Archive for Saturday, February 26, 2005

Former Russian oil exec denies government charges

February 26, 2005

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— Speaking from the courtroom cage where he has sat throughout his nine-month trial on tax evasion charges, the founder of Russia's largest oil company defiantly proclaimed his innocence Friday and said prosecutors had fabricated the whole case against him.

Mikhail Khodorkovsky read from a thick sheaf of notes in three hours of testimony as he methodically responded to each accusation, concluding each time that prosecutors had made "deliberately false declarations."

"I do not consider myself guilty of a single charge," Khodorkovsky said in his first official court statements since his trial began.

The former CEO of the shattered Yukos oil giant said he had managed a successful company "and helped a number of others to rise from the ruins after the collapse of the Soviet Union."

The politically charged trial and the dismantling of Yukos -- once Russia's most transparent company -- have slowed Moscow's oil exports, helped push up prices and raised questions about investing in the country.

Observers say the trial and the parallel back-tax case against Yukos were launched by the Kremlin as punishment after Khodorkovsky funded opposition parties leading to parliamentary elections in 2003. President Vladimir Putin has repeatedly contended the investigation targeted a rotten business empire and its owners.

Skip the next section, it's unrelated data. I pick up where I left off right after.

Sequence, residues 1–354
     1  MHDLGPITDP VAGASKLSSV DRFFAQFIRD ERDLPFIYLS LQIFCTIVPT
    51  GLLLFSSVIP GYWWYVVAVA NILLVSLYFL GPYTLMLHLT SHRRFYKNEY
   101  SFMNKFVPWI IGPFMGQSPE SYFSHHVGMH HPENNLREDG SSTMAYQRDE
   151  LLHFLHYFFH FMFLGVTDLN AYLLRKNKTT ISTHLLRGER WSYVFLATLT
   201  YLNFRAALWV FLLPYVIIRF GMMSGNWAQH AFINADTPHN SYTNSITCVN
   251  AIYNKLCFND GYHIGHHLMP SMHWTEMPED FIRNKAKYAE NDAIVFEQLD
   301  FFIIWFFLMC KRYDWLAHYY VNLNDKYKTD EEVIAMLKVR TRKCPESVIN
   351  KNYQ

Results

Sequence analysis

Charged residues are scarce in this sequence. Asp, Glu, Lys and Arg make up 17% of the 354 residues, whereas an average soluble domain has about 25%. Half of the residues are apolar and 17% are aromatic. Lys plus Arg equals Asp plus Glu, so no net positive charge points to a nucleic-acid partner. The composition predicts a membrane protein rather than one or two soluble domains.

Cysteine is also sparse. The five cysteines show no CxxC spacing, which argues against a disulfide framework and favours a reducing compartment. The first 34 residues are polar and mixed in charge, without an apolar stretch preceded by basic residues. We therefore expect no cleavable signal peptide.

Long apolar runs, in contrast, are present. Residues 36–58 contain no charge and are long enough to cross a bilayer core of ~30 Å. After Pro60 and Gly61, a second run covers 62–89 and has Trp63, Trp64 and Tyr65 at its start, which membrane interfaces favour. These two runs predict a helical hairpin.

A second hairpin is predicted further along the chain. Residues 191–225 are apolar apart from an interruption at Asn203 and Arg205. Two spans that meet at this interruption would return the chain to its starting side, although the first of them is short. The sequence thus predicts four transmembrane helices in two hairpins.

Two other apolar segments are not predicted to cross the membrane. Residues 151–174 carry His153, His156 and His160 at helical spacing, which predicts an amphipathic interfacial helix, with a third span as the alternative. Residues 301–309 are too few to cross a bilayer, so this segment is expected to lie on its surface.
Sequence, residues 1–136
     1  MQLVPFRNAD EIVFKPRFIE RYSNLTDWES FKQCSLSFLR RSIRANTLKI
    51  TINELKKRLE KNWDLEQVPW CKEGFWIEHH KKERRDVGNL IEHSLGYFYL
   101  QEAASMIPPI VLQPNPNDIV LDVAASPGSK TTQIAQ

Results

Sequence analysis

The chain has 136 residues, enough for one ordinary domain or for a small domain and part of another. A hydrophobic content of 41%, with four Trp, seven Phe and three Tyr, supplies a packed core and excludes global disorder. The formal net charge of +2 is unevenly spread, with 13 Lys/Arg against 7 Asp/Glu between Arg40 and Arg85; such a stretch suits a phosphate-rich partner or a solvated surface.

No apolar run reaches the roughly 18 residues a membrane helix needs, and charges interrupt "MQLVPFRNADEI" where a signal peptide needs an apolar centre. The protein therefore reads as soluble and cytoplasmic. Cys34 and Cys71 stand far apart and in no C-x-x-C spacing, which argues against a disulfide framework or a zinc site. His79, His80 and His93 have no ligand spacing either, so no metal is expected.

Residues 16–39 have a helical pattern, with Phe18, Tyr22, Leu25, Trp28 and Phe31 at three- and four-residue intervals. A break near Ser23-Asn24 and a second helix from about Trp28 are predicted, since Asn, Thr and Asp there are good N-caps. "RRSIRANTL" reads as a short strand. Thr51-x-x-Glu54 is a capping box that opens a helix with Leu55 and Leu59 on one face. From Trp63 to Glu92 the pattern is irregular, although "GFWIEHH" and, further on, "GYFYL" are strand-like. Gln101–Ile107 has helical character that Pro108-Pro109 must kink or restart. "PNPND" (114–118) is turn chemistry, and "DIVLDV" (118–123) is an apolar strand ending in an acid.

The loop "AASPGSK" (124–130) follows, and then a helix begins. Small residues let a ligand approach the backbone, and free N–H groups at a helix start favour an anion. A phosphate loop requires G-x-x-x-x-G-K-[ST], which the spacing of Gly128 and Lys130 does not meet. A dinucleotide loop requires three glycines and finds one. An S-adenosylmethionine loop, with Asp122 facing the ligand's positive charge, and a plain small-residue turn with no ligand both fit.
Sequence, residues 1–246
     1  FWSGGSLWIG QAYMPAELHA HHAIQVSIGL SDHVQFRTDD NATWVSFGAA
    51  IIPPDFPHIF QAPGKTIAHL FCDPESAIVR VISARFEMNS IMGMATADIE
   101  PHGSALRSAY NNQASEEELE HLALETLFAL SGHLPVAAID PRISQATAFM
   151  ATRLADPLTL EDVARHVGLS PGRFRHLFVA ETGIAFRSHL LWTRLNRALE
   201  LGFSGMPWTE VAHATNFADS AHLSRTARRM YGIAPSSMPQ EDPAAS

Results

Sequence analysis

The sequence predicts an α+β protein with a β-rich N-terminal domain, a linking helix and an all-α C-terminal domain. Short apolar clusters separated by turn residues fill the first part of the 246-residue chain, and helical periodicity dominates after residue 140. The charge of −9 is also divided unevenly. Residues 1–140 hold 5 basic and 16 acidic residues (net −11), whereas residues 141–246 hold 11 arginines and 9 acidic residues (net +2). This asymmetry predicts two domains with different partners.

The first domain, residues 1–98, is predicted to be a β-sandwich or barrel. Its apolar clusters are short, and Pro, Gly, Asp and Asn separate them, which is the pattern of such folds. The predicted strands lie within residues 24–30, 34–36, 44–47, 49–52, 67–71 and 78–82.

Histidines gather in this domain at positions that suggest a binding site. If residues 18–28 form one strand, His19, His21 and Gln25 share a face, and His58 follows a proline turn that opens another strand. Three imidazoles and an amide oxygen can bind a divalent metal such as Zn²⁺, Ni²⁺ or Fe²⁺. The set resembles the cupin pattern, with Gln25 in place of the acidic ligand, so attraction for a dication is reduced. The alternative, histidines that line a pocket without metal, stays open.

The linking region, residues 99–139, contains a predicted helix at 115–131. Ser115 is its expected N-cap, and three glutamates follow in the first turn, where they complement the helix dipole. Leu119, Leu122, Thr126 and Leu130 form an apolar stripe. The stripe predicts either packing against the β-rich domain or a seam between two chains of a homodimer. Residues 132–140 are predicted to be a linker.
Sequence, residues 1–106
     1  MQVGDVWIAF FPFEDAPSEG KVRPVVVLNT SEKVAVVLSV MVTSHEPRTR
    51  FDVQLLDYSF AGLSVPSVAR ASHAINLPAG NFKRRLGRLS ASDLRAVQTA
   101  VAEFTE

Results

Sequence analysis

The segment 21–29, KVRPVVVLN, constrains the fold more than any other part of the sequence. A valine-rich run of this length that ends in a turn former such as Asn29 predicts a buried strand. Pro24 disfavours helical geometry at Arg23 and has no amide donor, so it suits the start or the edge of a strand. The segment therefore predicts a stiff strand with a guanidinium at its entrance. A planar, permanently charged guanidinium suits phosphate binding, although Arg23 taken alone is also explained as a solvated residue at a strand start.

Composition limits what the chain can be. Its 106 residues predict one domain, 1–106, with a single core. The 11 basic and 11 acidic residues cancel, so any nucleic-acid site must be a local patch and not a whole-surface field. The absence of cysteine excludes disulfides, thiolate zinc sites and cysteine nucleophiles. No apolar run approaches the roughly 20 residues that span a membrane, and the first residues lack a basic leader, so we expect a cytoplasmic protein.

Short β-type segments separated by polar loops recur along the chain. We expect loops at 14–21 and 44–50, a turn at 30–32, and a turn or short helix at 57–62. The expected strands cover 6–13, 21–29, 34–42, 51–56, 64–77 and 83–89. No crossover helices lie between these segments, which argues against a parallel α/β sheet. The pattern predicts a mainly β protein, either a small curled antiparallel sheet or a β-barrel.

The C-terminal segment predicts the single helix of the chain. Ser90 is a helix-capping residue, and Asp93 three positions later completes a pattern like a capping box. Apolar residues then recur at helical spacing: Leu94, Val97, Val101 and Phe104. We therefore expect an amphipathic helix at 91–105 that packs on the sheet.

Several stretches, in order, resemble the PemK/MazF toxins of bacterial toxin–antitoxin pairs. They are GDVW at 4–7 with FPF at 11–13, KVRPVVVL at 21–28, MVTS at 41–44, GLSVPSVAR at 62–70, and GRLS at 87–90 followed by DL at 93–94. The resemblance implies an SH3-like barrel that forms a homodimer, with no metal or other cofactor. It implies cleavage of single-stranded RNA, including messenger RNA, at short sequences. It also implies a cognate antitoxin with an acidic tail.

Prosecutors argue Khodorkovsky and business partner Platon Lebedev were part of an "organized group" that illegally won a 20 percent stake in Russia's biggest fertilizer component-maker, Apatit, using a complex web of shell companies in 1994. Khodorkovsky went on to build the Yukos empire on the basis of that acquisition.

Speaking from the cage where all defendants are held during proceedings, Khodorkovsky contended that state prosecutor Dmitry Shokhin -- sitting opposite in the blue uniform and gold lapels of the Prosecutor General's Office -- had failed to prove that he was "personally involved" in the events around Apatit or the other charges.

Even if he had been involved, Khodorkovsky said, no crime had been committed.

Mikhail Khodorkovsky, right, the former head of Yukos Oil Co. who
is now on trial on charges of fraud and tax evasion, bitterly
rejected the prosecution's case against him in his first testimony
in his own defense. Khodorkovsky is shown with business partner
Platon Lebedev on Friday in a Moscow court. Defendants in Russian
trials are routinely kept behind bars.

Mikhail Khodorkovsky, right, the former head of Yukos Oil Co. who is now on trial on charges of fraud and tax evasion, bitterly rejected the prosecution's case against him in his first testimony in his own defense. Khodorkovsky is shown with business partner Platon Lebedev on Friday in a Moscow court. Defendants in Russian trials are routinely kept behind bars.

"The state prosecutor has not provided any evidence, but he tries to ... create it," Khodorkovsky said. He said he felt sorry for Shokhin, because "his role is to make a stand for the ... theories of others."

Shokhin, who declined to cross-examine Khodorkovsky, retorted that his testimony had been "invented by his lawyers."

Once Russia's biggest oil company, Yukos lost 1 million barrels of daily crude production when the government sold its core unit Yuganskneftegaz at a disputed auction in December. The unit was sold to pay off $28 billion in back taxes the government claimed Yukos owed.

In an 11th-hour attempt to stop the auction, Yukos filed for bankruptcy protection in a U.S. court in Texas. On Thursday, U.S. Bankruptcy Judge Letitia Clark court tossed the case out for lack of jurisdiction.

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